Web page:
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Scand J Gastroenterol. 1998 Oct;33(10):1016-22.

Three- to 4.5-year prospective study of prognostic indicators in gastro-oesophageal reflux disease.

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Dept. of Medicine, The Queen's University of Belfast, Royal Victoria Hospital, Northern Ireland.



Data on the long-term natural history of gastro-oesophageal reflux disease (GORD) are sparse. This prospective study was designed to determine the clinical outcome on the basis of therapeutic requirements 3 to 4.5 years after initial diagnosis of GORD and to identify specific prognostic indicators of a poor outcome.


One hundred and one GORD patients were followed up by symptomatic questionnaire 3 to 4.5 years after diagnosis and offered repeat investigation with endoscopy and oesophageal pH monitoring if symptoms persisted.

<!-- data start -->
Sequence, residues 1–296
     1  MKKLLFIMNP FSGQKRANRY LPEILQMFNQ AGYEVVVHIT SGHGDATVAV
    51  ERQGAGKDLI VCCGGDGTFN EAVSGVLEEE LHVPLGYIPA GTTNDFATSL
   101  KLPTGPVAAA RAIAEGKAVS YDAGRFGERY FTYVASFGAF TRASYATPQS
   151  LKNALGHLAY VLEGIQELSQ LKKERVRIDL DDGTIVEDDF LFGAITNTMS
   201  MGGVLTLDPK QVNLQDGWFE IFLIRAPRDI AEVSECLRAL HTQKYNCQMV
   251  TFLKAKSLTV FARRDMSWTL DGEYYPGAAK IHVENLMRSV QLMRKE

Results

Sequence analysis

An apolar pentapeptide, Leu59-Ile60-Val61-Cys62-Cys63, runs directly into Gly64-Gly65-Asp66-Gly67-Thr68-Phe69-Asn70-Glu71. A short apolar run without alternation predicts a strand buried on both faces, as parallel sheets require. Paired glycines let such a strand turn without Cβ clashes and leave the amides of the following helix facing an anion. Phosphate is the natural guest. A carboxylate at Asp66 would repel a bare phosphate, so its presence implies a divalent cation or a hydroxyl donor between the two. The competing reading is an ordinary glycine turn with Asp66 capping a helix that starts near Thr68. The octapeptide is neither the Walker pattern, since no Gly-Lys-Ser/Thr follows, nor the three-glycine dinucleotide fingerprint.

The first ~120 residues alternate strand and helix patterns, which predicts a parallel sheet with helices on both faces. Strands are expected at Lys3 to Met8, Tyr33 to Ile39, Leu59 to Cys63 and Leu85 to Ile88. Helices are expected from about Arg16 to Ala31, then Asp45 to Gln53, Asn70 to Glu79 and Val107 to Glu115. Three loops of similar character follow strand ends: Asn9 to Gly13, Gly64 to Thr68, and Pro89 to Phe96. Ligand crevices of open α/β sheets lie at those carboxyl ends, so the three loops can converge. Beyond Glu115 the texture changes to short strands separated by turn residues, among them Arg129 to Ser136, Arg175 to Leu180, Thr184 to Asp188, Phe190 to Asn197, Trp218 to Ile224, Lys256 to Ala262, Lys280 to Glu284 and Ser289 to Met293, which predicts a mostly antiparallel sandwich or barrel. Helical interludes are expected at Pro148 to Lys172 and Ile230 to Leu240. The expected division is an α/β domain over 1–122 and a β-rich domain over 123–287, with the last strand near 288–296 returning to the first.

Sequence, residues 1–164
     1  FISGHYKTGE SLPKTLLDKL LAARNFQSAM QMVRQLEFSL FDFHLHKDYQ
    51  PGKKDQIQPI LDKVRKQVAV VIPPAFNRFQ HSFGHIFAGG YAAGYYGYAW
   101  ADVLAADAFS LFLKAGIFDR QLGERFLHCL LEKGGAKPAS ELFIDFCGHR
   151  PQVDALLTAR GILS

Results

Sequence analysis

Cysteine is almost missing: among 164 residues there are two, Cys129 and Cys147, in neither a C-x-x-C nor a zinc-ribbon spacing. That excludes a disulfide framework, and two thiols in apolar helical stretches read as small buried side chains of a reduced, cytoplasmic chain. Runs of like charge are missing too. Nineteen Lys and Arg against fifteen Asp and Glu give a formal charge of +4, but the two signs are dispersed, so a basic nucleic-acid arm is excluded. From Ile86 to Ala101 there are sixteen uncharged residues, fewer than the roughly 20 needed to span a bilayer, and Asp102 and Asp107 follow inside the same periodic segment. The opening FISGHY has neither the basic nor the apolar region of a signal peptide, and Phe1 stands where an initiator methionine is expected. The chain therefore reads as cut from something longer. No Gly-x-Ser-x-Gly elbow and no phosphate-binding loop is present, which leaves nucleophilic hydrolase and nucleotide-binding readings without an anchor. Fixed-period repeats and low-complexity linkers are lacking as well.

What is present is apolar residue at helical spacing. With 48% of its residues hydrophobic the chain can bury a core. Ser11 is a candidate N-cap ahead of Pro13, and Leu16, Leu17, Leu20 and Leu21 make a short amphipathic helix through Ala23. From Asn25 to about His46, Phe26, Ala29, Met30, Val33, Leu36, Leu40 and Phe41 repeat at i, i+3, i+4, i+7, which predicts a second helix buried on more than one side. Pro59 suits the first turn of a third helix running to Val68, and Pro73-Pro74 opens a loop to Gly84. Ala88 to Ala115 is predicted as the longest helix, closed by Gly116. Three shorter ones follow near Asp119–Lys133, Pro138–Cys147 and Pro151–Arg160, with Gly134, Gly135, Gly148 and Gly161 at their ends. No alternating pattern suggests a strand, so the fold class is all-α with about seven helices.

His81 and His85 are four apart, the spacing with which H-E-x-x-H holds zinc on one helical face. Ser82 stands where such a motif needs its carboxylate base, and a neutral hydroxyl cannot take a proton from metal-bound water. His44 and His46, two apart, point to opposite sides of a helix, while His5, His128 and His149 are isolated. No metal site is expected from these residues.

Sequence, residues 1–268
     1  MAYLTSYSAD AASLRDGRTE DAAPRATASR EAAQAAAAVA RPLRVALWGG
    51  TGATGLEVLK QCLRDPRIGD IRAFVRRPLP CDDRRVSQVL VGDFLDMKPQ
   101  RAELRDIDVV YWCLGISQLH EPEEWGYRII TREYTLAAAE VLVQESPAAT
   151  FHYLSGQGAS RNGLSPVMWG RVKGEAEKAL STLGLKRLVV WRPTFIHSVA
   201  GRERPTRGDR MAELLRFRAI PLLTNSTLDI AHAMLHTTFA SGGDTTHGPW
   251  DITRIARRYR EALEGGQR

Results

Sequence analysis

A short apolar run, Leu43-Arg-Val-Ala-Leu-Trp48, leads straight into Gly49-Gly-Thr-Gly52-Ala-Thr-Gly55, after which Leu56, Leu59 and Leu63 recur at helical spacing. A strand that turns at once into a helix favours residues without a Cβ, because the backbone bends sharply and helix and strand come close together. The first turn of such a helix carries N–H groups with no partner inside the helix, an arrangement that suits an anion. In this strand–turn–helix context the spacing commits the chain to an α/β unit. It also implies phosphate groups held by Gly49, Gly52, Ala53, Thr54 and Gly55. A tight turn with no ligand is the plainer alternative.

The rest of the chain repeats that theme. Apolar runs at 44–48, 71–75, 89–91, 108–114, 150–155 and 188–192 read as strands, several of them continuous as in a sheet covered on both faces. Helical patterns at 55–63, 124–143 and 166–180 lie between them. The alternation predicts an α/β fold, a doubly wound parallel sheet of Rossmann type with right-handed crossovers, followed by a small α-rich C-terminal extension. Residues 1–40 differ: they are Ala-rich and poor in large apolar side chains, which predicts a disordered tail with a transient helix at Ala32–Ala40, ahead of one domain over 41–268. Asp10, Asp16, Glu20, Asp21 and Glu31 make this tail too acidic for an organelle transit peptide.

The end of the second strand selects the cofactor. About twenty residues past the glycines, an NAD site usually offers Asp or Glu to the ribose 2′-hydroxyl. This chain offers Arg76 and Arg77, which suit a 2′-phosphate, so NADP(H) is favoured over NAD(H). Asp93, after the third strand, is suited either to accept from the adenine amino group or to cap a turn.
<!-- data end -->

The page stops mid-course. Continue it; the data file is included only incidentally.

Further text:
Seventy-seven (76%) patients responded (mean follow-up period, 39 months; range, 32-54 months); of these, 28 had grade-II or -III oesophagitis at initial endoscopy, 17 had normal endoscopy but abnormal pH monitoring, and 32 had normal investigations but frequent heartburn. At follow-up 32 (42%) were taking acid suppression therapy, and a further 15 patients started acid suppression therapy after repeat investigation indicated a need to do so, giving a total of 47 (61%) patients receiving acid suppression. The following factors predicted a need for acid suppression at follow-up: oesophagitis on initial endoscopy (P = 0.009), abnormal pH monitoring (P = 0.0005), increased age (P < 0.0005), and increased body mass index (BMI) (P = 0.001). Gender, smoking status, alcohol intake, and lower oesophageal sphincter pressure had no prognostic value. Regression analysis confirmed that age (P = 0.0007), BMI (P = 0.04), and endoscopy result (P = 0.04) all independently affected outcome.


Most GORD patients still require acid suppression therapy 3 to 4.5 years after initial diagnosis. Age, BMI, and presence of oesophagitis at initial endoscopy all independently predict those who will require long-term acid suppression therapy.

[Indexed for MEDLINE]

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